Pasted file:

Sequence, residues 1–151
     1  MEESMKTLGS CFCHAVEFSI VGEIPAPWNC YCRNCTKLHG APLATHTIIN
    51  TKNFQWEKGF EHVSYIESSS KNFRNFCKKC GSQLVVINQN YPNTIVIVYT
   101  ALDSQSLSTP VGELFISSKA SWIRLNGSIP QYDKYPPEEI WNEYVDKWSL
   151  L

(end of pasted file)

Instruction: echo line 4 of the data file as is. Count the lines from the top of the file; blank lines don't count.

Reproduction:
   101  ALDSQSLSTP VGELFISSKA SWIRLNGSIP QYDKYPPEEI WNEYVDKWSL